1970/80's celebrities such as Eva Robin's, Roberta Close and Amanda Lear who began hormones in their teens never reached more than a modest B-cup. The very long list of young transgender models (e.g. Teddy Quinlivan, Ines Rau, Valentina Sampaio, Geena Rocera ...) who undoubtedly started taking antiandrogens (i.e. testosterone blockers) and female hormones whilst in their teens is even less impressive as regards to breast growth.
Another television star, Valentijn de Hingh, is perhaps a good example to compare with Jazz as her life was closely followed by Dutch television from age 8 to 17. Although born physically male, her parents accepted her desire to be a girl and she transitioned when 9. The Standards of Care were then stretched to the limit - she started to take puberty blockers at 12, female hormones at 16 and had her sex reassignment surgery at 18. Since then has been working as a highly rated model, just outside a Top 100 "super-model" ranking.
Two steps forward, One step back
Fast forward to 2015, and I have become increasingly puzzled by the complaints of young (teenage) transgirls that after several years on hormones, they still have little or no breast development. This just doesn't seem to align with the experience of teenage girls in the 1990's and early 2000's, who commonly had good breast growth. After consideration of what may have changed, I think it could be the hormone regimen.
Teenage transgirls in the 1970's through to the 1990's often self medicated and took relatively high doses (by current standards) of estrogen hormones dubiously and dangerously purchased without a prescription, often from off-shore pharmacies. One of the most popular brands was 'Premarin' - a natural conjugated estrogen extracted from the urine of a pregnant mare. This is easily assimilated by the human body and strongly promotes in a teenager the development of female secondary sexual characteristics such as breasts, a feminine pattern of fat distribution, and even (anecdotally) a widening of the hips.
In the early 2000's there was a massive clamp down on off-shore pharmacies, whilst at the same time the medical professional (guided by the revised Standards of Care) became more willing to treat transgirls under the age of 18, albeit with significant provisos.
The prescriptions now being given to transgirls are usually for anti-androgen puberty blockers such as Lupron (Leuprolide Acetate) from age 14, with a relatively low dose of a synthetic estrogen steroid hormone such as estrodial only being added when they turn 18. The result is a very effective prevention of physical masculinisation such as facial hair, deepening voice and muscle build up. However the medications do little to promote feminisation and breast growth (indeed may hinder this), with the estrogen being added too late and of a type that breast tissue is not sensitive to.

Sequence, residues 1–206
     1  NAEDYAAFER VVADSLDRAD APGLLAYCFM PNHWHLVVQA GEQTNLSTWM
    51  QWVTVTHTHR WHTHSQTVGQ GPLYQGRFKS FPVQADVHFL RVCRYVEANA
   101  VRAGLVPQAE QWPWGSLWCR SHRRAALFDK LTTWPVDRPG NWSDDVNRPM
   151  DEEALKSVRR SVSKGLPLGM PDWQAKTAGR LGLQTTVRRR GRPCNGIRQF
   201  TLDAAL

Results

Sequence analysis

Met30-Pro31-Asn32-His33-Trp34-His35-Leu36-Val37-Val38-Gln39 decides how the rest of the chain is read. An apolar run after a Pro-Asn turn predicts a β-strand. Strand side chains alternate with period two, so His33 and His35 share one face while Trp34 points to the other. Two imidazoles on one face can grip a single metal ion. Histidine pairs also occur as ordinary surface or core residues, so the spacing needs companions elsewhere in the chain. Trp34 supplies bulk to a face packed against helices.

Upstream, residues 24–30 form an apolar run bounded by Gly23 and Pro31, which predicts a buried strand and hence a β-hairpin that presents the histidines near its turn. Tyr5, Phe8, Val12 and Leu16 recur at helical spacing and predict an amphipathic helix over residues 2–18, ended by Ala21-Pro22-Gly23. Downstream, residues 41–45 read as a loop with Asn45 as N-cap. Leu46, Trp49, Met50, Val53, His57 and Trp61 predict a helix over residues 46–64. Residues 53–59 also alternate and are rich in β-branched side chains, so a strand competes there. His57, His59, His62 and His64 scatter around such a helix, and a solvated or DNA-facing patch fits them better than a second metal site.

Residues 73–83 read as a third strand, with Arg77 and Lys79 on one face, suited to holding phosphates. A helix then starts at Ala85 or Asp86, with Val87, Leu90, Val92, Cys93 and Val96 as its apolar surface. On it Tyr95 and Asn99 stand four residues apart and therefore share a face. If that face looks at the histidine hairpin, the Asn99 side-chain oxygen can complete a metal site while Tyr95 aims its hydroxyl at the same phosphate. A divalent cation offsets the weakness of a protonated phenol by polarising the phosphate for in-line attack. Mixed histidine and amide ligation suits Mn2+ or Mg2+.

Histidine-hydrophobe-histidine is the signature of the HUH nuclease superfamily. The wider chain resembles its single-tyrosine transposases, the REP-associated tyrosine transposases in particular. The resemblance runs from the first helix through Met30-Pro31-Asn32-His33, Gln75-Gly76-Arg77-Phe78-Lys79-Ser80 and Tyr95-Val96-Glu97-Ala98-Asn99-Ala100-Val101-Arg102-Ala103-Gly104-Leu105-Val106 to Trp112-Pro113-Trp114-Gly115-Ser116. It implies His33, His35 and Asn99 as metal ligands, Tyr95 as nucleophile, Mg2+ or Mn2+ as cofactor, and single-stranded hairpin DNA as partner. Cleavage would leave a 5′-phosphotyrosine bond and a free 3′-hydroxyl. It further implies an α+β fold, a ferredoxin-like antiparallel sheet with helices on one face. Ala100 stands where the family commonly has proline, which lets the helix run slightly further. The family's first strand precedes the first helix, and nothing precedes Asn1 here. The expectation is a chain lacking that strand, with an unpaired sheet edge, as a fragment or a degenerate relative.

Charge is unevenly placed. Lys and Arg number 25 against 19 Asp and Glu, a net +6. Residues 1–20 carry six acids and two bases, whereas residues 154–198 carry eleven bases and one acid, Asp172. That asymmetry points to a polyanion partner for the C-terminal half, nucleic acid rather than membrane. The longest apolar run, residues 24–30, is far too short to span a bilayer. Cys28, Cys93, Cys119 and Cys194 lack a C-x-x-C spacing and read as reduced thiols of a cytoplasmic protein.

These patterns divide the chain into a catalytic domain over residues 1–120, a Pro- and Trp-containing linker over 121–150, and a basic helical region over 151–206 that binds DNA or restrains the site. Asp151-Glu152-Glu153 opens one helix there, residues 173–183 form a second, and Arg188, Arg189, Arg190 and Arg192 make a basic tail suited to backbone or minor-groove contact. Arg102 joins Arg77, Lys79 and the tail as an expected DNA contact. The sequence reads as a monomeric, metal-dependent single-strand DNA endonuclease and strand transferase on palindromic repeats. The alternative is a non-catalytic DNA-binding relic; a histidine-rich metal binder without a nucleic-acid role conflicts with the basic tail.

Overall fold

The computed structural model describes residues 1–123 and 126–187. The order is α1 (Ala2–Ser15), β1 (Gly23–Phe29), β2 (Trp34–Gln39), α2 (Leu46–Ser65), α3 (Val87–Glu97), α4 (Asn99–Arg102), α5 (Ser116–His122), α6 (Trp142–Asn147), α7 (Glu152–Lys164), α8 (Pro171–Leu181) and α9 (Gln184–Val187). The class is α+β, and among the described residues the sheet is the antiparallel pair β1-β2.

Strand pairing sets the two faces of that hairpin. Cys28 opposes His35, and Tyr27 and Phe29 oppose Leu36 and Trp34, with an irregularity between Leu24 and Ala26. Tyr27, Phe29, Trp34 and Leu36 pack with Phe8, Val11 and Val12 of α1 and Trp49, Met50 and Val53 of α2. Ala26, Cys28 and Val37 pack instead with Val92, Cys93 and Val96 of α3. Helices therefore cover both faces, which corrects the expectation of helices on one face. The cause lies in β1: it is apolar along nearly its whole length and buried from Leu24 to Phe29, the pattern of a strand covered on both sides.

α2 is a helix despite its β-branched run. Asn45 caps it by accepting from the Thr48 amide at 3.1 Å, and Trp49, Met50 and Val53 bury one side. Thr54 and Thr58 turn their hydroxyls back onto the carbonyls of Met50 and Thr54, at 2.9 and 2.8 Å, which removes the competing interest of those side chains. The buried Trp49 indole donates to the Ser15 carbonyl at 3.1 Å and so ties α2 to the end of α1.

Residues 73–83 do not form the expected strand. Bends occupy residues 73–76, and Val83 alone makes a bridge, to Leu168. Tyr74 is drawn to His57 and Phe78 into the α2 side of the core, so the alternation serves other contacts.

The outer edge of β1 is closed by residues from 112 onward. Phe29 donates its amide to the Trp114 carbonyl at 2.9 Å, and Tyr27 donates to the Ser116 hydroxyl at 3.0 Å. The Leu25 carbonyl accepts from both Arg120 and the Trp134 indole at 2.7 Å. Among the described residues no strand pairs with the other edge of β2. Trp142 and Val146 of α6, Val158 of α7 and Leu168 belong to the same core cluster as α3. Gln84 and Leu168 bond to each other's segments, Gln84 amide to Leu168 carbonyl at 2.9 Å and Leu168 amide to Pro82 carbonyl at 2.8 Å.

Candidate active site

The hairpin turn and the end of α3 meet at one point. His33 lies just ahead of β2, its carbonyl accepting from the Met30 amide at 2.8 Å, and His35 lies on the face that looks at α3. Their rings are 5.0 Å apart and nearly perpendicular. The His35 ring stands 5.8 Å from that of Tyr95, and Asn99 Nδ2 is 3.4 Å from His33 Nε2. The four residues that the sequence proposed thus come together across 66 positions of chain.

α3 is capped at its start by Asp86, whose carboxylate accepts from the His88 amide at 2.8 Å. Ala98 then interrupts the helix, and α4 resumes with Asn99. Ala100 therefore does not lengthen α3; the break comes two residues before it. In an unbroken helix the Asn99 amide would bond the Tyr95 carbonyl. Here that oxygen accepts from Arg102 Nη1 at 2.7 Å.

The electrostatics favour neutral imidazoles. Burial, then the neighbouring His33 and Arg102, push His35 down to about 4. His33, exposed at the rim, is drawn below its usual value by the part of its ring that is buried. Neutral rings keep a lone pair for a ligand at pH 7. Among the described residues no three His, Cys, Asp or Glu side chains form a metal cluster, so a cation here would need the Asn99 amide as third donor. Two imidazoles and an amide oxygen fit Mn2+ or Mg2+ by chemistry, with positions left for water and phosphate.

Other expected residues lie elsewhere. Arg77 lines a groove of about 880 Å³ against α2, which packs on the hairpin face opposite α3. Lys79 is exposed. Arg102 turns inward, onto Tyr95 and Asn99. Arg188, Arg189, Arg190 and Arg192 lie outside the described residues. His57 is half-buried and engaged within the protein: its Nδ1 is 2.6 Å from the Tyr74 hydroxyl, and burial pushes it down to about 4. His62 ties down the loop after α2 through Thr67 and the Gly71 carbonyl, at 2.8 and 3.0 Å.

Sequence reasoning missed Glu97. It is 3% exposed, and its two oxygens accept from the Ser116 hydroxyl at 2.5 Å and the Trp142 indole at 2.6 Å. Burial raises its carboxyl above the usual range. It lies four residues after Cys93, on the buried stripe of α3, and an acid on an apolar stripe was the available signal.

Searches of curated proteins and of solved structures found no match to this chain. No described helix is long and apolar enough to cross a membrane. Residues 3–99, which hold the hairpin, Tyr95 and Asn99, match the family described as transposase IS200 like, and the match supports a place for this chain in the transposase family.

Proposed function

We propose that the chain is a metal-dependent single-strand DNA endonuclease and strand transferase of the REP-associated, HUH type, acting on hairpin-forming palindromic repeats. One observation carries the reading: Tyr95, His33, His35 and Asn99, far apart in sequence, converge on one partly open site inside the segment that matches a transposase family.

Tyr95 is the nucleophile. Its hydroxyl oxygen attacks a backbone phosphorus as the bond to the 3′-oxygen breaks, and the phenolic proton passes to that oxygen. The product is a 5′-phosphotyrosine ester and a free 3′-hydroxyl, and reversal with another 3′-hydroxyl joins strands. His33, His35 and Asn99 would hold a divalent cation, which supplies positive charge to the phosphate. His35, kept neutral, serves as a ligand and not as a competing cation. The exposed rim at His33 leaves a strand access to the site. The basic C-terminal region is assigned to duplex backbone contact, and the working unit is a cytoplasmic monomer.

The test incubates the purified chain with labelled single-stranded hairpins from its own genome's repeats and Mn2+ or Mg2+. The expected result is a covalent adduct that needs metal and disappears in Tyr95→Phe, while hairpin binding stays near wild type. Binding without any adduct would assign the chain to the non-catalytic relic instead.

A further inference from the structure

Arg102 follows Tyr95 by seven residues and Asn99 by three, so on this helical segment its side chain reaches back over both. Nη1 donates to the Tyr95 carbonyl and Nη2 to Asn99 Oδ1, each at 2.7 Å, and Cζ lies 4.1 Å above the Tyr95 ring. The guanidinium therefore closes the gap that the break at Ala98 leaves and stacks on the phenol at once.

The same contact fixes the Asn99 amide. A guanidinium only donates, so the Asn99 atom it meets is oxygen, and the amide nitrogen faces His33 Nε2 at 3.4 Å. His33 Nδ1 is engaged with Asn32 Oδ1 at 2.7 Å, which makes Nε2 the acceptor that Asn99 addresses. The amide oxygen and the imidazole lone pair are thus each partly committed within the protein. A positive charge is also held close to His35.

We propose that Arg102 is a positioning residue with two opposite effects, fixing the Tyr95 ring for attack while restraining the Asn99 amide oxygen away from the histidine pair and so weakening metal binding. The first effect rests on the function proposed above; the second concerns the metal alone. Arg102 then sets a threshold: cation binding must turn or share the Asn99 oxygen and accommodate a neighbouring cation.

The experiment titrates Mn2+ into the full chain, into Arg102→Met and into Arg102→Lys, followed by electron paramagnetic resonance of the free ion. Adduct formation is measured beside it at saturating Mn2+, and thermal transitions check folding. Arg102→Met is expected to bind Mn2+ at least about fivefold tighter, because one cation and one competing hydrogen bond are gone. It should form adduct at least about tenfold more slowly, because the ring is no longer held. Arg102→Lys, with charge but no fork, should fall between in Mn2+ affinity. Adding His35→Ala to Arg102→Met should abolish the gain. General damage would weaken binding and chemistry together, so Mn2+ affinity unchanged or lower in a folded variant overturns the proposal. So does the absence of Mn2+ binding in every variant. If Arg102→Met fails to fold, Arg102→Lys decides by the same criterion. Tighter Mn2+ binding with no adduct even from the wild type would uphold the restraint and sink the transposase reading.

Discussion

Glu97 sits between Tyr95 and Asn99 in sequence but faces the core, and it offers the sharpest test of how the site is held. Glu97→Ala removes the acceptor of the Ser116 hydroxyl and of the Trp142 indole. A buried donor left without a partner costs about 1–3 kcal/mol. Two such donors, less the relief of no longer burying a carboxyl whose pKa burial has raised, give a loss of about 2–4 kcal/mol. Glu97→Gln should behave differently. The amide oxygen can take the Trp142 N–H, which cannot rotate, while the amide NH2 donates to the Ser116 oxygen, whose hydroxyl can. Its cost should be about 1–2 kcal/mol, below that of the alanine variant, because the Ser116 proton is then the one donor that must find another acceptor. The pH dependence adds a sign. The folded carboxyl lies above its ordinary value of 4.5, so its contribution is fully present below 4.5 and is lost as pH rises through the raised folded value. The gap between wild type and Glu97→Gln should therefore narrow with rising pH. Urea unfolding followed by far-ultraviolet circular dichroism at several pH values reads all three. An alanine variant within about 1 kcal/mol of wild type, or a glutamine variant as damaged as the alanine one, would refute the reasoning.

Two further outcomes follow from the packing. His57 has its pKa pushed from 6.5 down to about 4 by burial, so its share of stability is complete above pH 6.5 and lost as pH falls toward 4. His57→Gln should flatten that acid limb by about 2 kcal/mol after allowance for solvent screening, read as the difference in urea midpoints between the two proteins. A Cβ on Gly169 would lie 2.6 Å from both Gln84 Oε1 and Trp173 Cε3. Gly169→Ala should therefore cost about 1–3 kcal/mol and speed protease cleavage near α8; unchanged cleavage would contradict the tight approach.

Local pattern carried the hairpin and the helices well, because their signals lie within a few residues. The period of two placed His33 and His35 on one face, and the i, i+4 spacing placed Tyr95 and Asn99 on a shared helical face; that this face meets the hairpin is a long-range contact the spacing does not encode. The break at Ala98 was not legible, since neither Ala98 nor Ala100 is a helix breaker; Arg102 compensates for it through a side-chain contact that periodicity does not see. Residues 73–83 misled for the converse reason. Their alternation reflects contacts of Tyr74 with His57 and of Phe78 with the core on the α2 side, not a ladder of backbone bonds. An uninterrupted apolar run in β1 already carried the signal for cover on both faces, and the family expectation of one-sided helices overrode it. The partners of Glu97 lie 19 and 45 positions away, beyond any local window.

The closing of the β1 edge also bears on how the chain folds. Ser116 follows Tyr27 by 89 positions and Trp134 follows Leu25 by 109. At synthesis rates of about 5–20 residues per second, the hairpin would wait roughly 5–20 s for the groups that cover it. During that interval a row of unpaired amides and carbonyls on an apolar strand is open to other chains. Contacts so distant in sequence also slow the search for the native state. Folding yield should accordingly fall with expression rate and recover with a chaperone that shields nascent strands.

The end result of the current approach often seems to be a 21-year old transwoman who despite (or rather, because of) years of medical treatment still looks like a young teenage boy physically, whilst in the same time her younger sister has transformed into a buxom woman.
I suspect that the medical profession needs to become far more aggressive in the prescription of female hormones rather than blockers for transgender children in the 14-17 age group (accepting the risk of the occasional mistake), and that pressure for this is building. Indeed the instances where transgirls of age 16 or less are prescribed estrogen by a doctor already seems to be moving from exceptional to quite common.
The Areola of Transwomen
One odd problem that transsexual women face is that their areola - the coloured skin surrounding the nipple - rarely expands in accordance with 'normal' female breast growth. The areolae of a man averages about 25 mm (1 inch) in diameter, but few woman are under 30 mm and 50 mm is common, and the areola of women who have large breasts or who are lactating may be over 100 mm (4 inch) in diameter. Unfortunately even well-endowed transsexual women tend to have male type arealoe - this seems to be a genetic limitation as AIS women (who are also genetically XY) face a similar problem despite otherwise above average breast development.
Another characteristic of the breasts of MTF transsexual women compared with genetic women is the smaller average diameter of their areola, even if the breasts themselves are actually quite generous in size. Only starting hormone treatment at a young age seems to avoid this tendency. Also, because the breasts of transsexual woman rarely reach full Tanner V size and maturity, their nipples often appear very prominent - although few object to this.
Low-cost anti-androgen's such as Spironolactone, Androcur or Finasteride are often included as part of a transwoman's hormone regimen. However there is an increasing suspicion (not backed by any formal medical studies) that high doses of these can cause incomplete breast development, and it is best to avoid these if possible. If an androgen blocker is really needed, Bicalutimide seems to be the best choice. The use of a "cocktail" of hormones that includes both oestrogen and progesterone may help reduce hypoplasticy, there is also anecdotal evidence that rubbing a progesterone cream in to the nipple area can help.